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VINEYARD v. CHATER

November 1, 1996

EZRA VINEYARD, Petitioner,
v.
SHIRLEY S. CHATER, Commissioner, Social Security, Respondent.



The opinion of the court was delivered by: BUCKLO

 Plaintiff, Ezra Vineyard, applied in April, 1984 for Disability Insurance Benefits for a period from March 6, 1975 to December 31, 1980. After his claim was denied both initially and upon reconsideration, he sought no further review. *fn1" Tr. at 422-431. In 1992, Mr. Vineyard re-opened his claim, which again was denied. *fn2" After his claim was denied, Mr. Vineyard requested a hearing before an Administrative Law Judge ("ALJ"). At the hearing on June 24, 1994, Mr. Vineyard was represented by counsel. ALJ Greene denied Mr. Vineyard's request for benefits, Tr. at 21, and the Appeals Council denied Mr. Vineyard's request for review. On August 7, 1995, Mr. Vineyard brought the present action pursuant to 42 U.S.C. § 405(g) seeking judicial review of the final decision of the defendant, the Commissioner of Health and Human Services ("Commissioner"). Both parties have filed motions for summary judgment. For the reasons set forth below, the Commissioner's motion is granted, and Mr. Vineyard's motion is denied.

 Standard of Review

 The Social Security Act ("the Act") provides for limited judicial review of final decisions of the Commissioner. The role of this Court is only to determine whether the decision of the ALJ is supported by substantial evidence in the record. Wolfe v. Shalala, 997 F.2d 321, 322 (7th Cir. 1993). In determining whether the Commissioner's findings are supported by substantial evidence, the district court may not "reevaluate the facts, re-weigh the evidence, or substitute its own judgment for that of the [Commissioner]." Edwards v. Sullivan, 985 F.2d 334, 336-37 (7th Cir. 1993). Rather, the court must affirm a decision supported by substantial evidence in the absence of an error of law. Id. at 336-37.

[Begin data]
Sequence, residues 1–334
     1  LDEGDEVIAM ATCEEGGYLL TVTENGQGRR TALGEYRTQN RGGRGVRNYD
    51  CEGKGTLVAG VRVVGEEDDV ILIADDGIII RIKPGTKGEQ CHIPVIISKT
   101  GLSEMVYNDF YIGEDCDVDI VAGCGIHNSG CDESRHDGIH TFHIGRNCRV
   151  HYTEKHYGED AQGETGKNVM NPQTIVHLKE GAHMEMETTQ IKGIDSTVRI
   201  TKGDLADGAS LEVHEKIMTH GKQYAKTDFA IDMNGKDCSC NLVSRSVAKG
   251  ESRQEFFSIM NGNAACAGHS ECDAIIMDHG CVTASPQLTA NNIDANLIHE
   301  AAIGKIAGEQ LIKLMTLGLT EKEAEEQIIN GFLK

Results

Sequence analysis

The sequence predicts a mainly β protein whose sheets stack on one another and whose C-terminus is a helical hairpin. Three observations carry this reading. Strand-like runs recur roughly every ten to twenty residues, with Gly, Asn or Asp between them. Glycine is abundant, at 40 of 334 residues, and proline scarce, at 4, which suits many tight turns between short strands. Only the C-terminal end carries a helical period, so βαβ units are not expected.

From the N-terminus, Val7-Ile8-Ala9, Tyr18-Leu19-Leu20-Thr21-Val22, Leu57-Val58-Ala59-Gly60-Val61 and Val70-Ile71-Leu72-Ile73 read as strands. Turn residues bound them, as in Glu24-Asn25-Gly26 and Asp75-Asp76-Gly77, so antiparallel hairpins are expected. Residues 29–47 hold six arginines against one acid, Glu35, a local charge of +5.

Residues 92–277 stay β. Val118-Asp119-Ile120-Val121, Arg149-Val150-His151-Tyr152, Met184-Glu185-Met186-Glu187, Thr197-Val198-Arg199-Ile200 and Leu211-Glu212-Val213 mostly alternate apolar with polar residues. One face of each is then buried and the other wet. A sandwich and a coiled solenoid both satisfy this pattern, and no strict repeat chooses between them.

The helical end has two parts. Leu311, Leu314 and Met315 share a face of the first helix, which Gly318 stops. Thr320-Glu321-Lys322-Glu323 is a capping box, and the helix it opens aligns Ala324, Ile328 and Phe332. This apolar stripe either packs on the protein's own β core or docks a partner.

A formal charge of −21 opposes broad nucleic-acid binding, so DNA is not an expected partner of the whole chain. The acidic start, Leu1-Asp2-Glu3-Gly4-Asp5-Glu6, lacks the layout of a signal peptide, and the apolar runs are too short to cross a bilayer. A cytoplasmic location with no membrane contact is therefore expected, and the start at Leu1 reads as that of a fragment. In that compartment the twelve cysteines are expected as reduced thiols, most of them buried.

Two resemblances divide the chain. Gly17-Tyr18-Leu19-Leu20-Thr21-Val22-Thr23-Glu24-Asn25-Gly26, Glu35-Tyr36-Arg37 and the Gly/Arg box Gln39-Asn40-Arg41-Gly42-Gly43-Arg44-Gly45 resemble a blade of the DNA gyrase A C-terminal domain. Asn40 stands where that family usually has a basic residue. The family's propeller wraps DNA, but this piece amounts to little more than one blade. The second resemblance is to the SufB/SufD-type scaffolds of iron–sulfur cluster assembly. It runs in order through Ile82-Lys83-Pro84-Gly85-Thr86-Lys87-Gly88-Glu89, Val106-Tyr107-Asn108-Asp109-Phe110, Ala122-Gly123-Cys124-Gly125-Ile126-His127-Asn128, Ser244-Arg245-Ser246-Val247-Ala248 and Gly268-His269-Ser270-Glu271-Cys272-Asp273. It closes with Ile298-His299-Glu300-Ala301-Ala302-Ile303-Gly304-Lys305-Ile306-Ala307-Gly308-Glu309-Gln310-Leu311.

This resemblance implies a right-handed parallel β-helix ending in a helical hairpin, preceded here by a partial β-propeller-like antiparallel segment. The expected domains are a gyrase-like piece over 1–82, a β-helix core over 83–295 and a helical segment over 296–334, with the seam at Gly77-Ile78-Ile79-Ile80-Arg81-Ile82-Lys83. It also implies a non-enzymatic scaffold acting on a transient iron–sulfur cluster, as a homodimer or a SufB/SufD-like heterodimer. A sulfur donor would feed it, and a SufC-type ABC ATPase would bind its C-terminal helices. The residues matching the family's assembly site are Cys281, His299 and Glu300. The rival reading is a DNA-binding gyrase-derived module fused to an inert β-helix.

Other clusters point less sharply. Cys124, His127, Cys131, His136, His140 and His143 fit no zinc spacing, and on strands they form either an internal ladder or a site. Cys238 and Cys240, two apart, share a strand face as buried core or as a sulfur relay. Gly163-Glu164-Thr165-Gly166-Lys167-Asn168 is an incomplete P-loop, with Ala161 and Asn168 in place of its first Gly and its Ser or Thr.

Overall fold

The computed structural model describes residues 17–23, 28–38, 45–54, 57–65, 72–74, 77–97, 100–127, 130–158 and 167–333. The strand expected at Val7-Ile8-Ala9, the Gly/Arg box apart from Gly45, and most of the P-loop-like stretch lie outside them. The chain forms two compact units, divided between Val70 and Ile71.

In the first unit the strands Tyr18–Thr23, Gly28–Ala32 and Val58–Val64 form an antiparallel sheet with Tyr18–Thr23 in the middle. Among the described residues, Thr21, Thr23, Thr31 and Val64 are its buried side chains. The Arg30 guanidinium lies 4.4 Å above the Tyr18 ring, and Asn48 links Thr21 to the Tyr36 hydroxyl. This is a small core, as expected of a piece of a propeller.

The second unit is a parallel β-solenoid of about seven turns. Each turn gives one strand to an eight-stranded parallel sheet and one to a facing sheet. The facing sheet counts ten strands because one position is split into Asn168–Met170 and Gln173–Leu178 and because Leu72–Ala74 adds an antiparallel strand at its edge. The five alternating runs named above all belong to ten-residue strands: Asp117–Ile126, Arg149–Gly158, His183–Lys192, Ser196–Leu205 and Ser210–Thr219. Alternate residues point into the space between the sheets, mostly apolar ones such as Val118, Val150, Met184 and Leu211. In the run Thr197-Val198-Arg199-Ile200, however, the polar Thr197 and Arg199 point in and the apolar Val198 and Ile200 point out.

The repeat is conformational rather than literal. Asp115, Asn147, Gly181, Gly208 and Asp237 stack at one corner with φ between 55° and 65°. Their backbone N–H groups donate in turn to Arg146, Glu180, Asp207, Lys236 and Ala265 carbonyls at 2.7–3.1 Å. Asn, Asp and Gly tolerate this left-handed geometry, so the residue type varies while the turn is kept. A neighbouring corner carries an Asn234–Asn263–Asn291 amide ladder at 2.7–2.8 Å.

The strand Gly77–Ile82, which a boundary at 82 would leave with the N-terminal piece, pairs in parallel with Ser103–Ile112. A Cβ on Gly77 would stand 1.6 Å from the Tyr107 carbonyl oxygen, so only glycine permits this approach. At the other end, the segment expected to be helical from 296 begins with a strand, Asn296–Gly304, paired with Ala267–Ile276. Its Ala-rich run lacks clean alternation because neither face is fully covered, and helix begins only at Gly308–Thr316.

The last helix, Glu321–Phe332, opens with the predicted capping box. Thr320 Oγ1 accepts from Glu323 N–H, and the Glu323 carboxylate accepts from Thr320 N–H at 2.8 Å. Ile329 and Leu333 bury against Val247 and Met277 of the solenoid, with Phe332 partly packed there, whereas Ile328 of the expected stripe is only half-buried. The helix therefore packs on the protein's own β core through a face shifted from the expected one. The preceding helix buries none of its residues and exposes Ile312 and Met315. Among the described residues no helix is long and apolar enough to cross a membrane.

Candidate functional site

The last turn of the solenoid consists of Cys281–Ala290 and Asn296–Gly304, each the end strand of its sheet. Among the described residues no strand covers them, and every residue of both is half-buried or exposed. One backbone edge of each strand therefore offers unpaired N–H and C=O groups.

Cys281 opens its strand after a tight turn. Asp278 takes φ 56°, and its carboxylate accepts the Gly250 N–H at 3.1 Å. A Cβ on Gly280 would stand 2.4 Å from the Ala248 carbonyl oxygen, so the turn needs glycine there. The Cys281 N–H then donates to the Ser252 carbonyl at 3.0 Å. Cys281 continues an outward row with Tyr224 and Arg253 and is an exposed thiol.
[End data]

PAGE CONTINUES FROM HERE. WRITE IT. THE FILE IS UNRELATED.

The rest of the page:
Sequential Evaluation

 In order to qualify for Supplemental Security Income and Disability Insurance Benefits, a claimant must be disabled. Pope v. Shalala, 998 F.2d 473, 477 (7th Cir. 1993). The Act defines a "disabled" individual as one who is unable

 
to engage in any substantial gainful activity by reason of any medically determinable physical or mental impairment which can be expected to result in death or which has lasted or can be expected to last for a continuous period of not less than twelve months.

 42 U.S.C. § 423(d)(1)(A) (1994); see also 20 C.F.R. § 404.1505 (1996). To satisfy this definition, an individual must have a severe impairment which makes her unable to perform her previous work or any other substantial gainful activity which exists in the national economy. 20 C.F.R. § 404.1505 (1996).

 The Social Security regulations require the fact finder to follow a five-step inquiry to determine whether a claimant is disabled. The Seventh Circuit has summarized the test as follows:

 
The [Commissioner] must determine in sequence:

 Pope, 998 F.2d at 477-78 (citation omitted).

 In the present case, the ALJ applied this evaluation method and decided the case at step five. The ALJ found that Mr. Vineyard has a history of asthma, hypertension, arthritis, and hidradenitis, but that he did not have an impairment or combination of impairments listed in or medically equal to one listed in the applicable regulations. Concerning Mr. Vineyard's alleged mental impairment, the ALJ found the testimony regarding its existence before 1980 to be lacking in credibility. The ALJ also found that Mr. Vineyard's testimony with respect to his pain and functional limitations during the time period at issue was not fully credible; that he was classified as a younger individual at 33 years of age; and that he had the Residual Functional ...


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